- Kaphaja parikartika: dull aching pain
Treatment for Fissure in Ano in Ayurveda
The prognosis of the disease depends on the location of the ulcer that occurs. If it is deep-seated and the anal canal which is the vital structure with enough blood vessels, nerves, ligaments, etc. the treatment becomes difficult. If the ulcer is superficially located with less intensity of constipation and also if the patient is tolerable the treatment is easier.
Based on the dosha vitiated and clinical features management of Parikartika has to be done. As there is pain, vedana shamaka (pain relieving drugs) are used, vrana shodhaka (wound healing or cleansing drugs) to treat the wound or ulcer that has occurred, for malabaddhata or constipation vataanulomana or malanissaraka drugs are used.
Parisheka (hot fomentation) or sitz bath, Anuvasana / Pichcha basti (oil enema) are some of the treatment modalities administered. These are followed by peya (a liquid diet with a red variety of rice and medicinal herbs) and yoosha (soup of pulses along with herbs) is also advisable.
Diet and lifestyle
For the conditions where there is indigestion, easily digestible food is advised, ghee with juice of pomegranate is given in patients where there is vata prakopa (aggravated vata dosha), and emaciated conditions food rich in carbohydrates is given.
Devadaru (Cedrus deodara) with the paste of sesame and lukewarm water, medicated milk prepared from plants like Ashwattha (Ficus religiosa), Udumbara (Ficus racemosa), etc.
Plenty of fluids, whole grains, well-cooked brown or red variety of rice, fiber-rich diet, buttermilk, milk, lentils, pulses like green gram, and vegetables like carrot, beetroot, papaya, lemon water, ghee, turmeric, banana, and green leafy vegetables are advised.
Avoid excess indulgence in sexual activity, riding, driving, suppression of natural urges, and eating spicy and pungent food items.
Home remedies for Fissure in Ano
- Flax seeds: powder of flax seed to be taken in the dosage of one tablespoon with a glass of water at bedtime for one week
- Apple cedar vinegar: Unfiltered apple cedar vinegar (one tablespoon), one tablespoon of honey mixed with a glass of water twice a day for one week to ten days
- Coconut oil: application of coconut oil over the affected area 3-4 times a day till the symptoms are reduced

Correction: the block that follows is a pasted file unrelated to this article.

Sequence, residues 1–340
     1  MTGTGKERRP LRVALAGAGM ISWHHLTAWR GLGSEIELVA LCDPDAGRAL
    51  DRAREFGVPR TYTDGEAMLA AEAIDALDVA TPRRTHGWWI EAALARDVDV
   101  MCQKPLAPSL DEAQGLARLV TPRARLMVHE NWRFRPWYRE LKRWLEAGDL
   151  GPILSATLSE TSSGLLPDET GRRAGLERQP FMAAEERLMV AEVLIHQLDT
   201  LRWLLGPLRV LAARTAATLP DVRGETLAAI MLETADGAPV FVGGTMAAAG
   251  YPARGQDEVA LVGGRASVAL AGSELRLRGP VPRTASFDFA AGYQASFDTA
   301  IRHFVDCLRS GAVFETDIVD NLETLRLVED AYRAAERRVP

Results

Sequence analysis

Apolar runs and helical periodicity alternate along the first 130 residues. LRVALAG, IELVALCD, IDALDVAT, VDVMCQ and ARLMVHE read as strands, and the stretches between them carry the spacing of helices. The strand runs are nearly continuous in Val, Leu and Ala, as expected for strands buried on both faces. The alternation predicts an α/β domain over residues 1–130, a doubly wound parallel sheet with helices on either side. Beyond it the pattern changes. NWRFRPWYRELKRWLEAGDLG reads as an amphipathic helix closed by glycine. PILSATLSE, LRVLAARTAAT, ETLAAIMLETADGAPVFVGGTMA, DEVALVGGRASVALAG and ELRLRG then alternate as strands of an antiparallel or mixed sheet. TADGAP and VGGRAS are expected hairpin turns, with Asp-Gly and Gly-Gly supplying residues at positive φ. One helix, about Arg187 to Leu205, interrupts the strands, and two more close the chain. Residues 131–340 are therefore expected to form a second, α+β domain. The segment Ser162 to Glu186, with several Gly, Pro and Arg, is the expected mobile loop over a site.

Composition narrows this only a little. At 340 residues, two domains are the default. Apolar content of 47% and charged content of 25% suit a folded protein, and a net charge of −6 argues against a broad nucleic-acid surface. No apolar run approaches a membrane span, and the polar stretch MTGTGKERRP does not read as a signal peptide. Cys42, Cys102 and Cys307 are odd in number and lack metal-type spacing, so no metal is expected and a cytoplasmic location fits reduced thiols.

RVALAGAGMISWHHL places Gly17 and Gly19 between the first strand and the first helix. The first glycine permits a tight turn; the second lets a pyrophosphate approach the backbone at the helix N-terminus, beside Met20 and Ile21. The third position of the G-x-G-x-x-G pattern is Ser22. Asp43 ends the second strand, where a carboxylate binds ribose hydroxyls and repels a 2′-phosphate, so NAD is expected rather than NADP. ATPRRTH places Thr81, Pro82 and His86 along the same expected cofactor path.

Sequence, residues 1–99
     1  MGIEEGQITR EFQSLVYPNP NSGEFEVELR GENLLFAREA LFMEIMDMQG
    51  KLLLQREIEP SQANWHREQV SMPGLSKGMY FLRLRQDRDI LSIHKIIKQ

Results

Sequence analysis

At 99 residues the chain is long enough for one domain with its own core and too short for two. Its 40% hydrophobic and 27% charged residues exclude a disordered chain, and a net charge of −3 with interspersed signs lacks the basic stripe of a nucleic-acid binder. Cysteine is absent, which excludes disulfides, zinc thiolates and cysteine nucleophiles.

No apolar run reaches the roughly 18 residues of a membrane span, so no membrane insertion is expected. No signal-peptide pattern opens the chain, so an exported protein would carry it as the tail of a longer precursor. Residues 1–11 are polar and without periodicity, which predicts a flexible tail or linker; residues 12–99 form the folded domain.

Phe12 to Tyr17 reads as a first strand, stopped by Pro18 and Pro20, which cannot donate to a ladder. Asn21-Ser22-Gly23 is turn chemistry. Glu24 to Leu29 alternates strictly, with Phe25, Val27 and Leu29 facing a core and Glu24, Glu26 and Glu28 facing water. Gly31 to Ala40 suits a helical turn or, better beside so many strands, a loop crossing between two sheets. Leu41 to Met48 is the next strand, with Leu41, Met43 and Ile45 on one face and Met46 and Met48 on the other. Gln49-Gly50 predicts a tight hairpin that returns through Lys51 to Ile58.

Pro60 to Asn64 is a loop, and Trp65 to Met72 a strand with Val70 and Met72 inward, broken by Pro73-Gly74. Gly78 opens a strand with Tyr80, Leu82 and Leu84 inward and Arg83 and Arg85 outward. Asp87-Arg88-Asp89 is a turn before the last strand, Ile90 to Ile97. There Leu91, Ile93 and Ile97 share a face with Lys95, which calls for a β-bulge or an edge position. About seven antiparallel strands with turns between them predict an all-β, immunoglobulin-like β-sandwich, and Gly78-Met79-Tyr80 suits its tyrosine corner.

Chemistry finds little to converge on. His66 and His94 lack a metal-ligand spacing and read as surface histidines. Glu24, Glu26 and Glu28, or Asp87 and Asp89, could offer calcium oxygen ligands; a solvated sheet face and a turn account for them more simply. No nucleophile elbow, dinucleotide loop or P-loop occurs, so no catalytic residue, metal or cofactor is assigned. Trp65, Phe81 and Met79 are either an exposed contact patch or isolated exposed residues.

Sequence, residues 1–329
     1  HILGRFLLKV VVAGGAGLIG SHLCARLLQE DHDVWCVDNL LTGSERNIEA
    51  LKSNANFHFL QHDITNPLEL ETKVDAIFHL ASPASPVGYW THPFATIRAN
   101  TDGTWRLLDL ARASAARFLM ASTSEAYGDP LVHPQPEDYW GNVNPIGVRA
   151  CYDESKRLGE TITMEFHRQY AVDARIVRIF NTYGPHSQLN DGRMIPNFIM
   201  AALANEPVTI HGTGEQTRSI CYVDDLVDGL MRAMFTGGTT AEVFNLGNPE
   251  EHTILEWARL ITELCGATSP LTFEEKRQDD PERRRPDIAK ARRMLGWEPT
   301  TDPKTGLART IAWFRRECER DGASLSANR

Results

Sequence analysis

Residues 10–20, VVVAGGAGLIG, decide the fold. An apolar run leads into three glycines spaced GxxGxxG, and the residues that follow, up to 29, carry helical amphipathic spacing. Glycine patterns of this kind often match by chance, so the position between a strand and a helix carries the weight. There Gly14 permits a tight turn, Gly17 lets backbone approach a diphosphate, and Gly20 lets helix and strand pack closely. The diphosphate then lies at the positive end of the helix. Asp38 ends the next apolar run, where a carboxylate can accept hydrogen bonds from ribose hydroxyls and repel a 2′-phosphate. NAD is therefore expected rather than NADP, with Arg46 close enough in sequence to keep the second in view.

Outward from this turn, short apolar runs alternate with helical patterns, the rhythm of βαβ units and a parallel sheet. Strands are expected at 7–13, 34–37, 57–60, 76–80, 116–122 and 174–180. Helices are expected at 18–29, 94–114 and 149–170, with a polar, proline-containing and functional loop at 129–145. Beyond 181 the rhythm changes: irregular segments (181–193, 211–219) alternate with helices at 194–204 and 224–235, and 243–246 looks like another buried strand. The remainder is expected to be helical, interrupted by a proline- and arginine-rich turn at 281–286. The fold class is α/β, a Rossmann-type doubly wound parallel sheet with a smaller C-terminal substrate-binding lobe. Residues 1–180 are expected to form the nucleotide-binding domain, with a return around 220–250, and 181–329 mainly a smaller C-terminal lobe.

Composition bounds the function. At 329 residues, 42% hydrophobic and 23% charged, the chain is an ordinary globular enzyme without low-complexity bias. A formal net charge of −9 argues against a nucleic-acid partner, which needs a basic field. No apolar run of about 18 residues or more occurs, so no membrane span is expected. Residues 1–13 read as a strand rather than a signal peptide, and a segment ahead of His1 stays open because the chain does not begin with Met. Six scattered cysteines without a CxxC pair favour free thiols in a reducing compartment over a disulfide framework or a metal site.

- Aloe vera gel: Aloe vera gel application is done 3-4 times a day until the symptoms are reduced.
Anal fissures, though painful, are treatable. Early diagnosis and intervention can prevent complications and ensure quick relief. If you suspect you have an anal fissure, it’s essential to see a medical professional to discuss the most appropriate treatment options.
Parikartika is a condition occurring as a complication secondary to diseases, and improper administration of purificatory procedures(panchakarma treatments). Cutting type of pain in the anal region is the predominant symptom along with a burning sensation, constipation, and bleeding from the wound site. Vedana shamaka, vrana shodhaka, vatanulomana drugs, enema therapy, and sitz bath are the Ayurvedic treatments.
FAQ on Fissure in Ano
- What is a fissure in ano (anal fissure)?
- A fissure in ano is a small tear or crack in the delicate lining of the anal canal, leading to pain and potential bleeding during bowel movements.
- What are the primary causes of anal fissures?
- Common causes include straining during bowel movements, hard or large stools, chronic constipation, diarrhea, childbirth, and certain underlying medical conditions like Crohn’s disease.
- How can I differentiate between hemorrhoids and an anal fissure?
- While both conditions can cause pain and bleeding, an anal fissure often results in sharp or burning pain during bowel movements, whereas hemorrhoids typically cause aching pain and itching.
- Are sitz baths effective for anal fissures?
- Yes, warm sitz baths can help soothe the area, relax the anal sphincter, and promote healing. It’s recommended to take sitz baths for 15-20 minutes several times a day.
- What dietary changes can assist in the treatment of an anal fissure?
- Consuming a high-fiber diet, drinking plenty of water, and possibly using stool softeners can soften stools, reducing the risk of further trauma to the fissure.
- Are there any over-the-counter treatments available?
- Yes, over-the-counter ointments that contain ingredients like lidocaine can numb the area, providing pain relief. Stool softeners can also be purchased without a prescription.
- When should I consider surgery for an anal fissure?
- Surgery is usually considered when conservative treatments don’t provide relief or if the fissure becomes chronic (lasting more than eight weeks). A common surgical option is the lateral internal sphincterotomy.
- Is surgery for an anal fissure safe?
- Surgical treatment for anal fissures, particularly lateral internal sphincterotomy, has a high success rate. However, like all surgeries, there are risks, such as infection, bleeding, and, rarely, incontinence.
- How long does it typically take for an anal fissure to heal with treatment?
- Acute fissures (those present for six weeks or less) often heal within a few weeks with appropriate treatment. Chronic fissures may take longer or require surgical intervention.
- Can anal fissures recur?
- Yes, even after healing, anal fissures can recur, especially if the underlying causes, such as constipation or straining during bowel movements, are not addressed.